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Weekly Wheatsource

Weekly Wheatsource

USDA – Farm Service Agency Update

We are just a couple weeks away from the deadline for the Coronavirus Food Assistance Program 2 (CFAP2). MN FSA has already had more than 38,000 applications resulting in more than 826 million dollars in CFAP 2 payments in MN. CFAP 2 is a direct payment program for producers that marketed agricultural commodities in 2020.

Follow the link above to apply prior to the deadline of October 12, 2021

USDA – Farm Service Agency (651) 602-7710

US Wheat Associates, Weekly Price Report – Michael Anderson


  • All wheat futures were up again this week. CBOT soft red winter (SRW) futures were up 15 cents to close at $7.23/bu. KCBT hard red winter (HRW) futures were up 6 cents to end at $7.19/bu. MGE hard red spring (HRS) futures gained 16 cents to close at $9.16/bu. CBOT corn futures were down 1 cent to $5.26/bu. CBOT soybean futures were up 1 cent to close at $12.85/bu. 

Commercial Sales: View the most recent USW Commercial Sales report here. 

  • Net sales of 355,900 metric tons (MT) for delivery in 2021/22, were down 42% from last week’s 617,100 (MT) and on the high end of trade expectations of 250,000 MT to 600,000 MT. Year-to-date commercial sales for delivery in 2021/22 total 10.8 million metric tons (MMT), 20% lower than last year at the same time. USDA expects total 2021/22 U.S. wheat exports will reach 23.8 MMT, 12% lower than last year, if realized. 

U.S. Drought Monitor 

  • Hot, dry conditions continued to negatively impact soil conditions in Oklahoma, Texas, Nebraska, parts of North Dakota, and Montana. There were reports of record-breaking temperatures in Nebraska and North Dakota. Rains across sections of Minnesota and North Dakota helped bring much-needed relief, but many areas in the Dakotas and Wyoming are still suffering from short moisture. The PNW received record-setting rainfall September 17-19, easing conditions in Oregon and Washington, yet soil moisture was still rated 90% very short in Washington.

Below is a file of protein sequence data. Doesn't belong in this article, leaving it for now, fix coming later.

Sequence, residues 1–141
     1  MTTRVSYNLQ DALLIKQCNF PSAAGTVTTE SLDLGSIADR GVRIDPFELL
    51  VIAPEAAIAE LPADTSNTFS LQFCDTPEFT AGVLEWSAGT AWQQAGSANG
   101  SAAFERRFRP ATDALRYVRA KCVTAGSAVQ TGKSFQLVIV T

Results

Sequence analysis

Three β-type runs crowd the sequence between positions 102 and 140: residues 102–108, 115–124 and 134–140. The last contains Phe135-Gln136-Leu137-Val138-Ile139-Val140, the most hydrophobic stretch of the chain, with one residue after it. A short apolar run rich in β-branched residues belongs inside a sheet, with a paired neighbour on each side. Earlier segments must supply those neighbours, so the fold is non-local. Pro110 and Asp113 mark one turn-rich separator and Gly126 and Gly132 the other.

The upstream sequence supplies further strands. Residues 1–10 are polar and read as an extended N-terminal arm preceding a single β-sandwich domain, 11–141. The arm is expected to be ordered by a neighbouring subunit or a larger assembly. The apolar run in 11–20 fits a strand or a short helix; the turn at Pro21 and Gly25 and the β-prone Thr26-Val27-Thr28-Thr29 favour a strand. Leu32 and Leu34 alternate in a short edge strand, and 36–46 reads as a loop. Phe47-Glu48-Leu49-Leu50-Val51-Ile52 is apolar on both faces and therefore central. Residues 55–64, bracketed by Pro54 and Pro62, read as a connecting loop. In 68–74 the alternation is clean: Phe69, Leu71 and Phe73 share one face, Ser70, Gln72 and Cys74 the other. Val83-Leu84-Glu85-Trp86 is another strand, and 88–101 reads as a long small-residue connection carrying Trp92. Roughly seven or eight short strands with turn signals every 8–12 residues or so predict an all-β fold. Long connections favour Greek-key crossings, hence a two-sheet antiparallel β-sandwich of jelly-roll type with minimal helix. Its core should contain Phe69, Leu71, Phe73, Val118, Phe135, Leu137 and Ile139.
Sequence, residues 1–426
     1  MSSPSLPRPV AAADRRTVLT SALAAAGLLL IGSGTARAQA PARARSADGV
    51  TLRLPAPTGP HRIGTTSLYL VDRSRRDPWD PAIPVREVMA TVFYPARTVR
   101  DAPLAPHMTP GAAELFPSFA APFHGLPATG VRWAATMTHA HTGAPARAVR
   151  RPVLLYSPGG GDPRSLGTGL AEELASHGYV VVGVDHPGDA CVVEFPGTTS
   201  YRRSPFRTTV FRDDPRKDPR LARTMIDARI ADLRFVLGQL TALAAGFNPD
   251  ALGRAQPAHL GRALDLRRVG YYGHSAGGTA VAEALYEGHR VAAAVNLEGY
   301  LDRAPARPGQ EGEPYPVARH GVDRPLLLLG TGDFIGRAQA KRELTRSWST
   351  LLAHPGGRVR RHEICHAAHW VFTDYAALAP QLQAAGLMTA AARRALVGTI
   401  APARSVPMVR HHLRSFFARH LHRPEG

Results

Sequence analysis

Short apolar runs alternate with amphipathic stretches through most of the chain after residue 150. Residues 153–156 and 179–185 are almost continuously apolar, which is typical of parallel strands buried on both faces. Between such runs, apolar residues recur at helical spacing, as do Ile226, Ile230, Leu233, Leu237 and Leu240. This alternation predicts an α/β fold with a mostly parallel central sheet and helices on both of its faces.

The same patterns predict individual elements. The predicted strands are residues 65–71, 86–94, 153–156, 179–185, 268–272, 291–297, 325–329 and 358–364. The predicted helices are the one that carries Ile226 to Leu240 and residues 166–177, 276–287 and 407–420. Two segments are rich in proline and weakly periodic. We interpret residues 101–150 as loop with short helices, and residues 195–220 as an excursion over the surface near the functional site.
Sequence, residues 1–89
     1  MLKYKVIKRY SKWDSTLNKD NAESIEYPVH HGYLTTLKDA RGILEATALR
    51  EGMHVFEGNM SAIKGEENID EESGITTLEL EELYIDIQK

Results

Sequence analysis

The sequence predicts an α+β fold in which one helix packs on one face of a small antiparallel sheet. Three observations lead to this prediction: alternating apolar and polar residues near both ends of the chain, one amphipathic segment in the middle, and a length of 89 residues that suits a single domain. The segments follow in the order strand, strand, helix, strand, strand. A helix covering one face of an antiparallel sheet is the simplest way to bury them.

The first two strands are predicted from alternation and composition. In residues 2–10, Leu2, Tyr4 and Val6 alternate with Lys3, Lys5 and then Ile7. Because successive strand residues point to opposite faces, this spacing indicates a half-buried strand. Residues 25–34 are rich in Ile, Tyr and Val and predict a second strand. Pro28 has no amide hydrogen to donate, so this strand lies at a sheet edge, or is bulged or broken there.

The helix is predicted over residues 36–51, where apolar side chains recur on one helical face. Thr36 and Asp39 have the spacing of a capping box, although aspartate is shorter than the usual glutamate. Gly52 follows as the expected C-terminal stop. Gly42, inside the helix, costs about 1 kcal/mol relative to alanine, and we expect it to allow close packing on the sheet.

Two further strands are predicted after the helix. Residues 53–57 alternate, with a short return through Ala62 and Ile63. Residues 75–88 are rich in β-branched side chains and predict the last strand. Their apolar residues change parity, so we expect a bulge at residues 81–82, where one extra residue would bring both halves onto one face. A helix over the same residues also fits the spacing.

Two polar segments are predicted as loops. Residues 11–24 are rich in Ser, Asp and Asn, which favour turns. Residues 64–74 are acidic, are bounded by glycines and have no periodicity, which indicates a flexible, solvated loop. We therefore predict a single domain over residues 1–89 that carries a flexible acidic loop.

Figure 2 – Sept 23rd

National Policy Update – by: Mariah Wollweber 

  • NAWG President Testifies at House Hearing

This morning, David Milligan, NAWG President, testified before the House Agriculture Committee discussing voluntary carbon markets. President Milligan highlighted several benefits growing wheat has on the environment, such as improving soil quality, protecting the soil from erosion, and reducing weed pressure when added to a crop rotation. President Milligan discussed the unique characteristics of wheat production and potential participation in voluntary carbon markets. Wheat production includes diverse rotations and existing conservation and crop management systems that are specific to the climate, soil, and markets. NAWG CEO, Chandler Goule, commented how pleased NAWG is to have this opportunity to share wheat’s story and expressed his appreciation to Ranking Member Thompson for his support. NAWG was the only grower representative at the hearing, making this a great opportunity to discuss the hard work the Special Climate and Sustainability Committee has been undertaking. To rewatch the live stream, click here. To view the press release, click here

  • NAWG Advocacy Campaign 

NAWG’s advocacy campaign to protect family farms and farmers by working to keep programs – like stepped-up basis and 1031 like-kind exchanges – intact is still active. As the reconciliation package progresses it is important our growers continue to reach out to their Members of Congress through NAWG’s advocacy campaign as this measure goes before the full House. Now is a critical time for protecting tax law affecting farmers — click here to join us in our campaign and follow the instructions to send a message to your Member of Congress.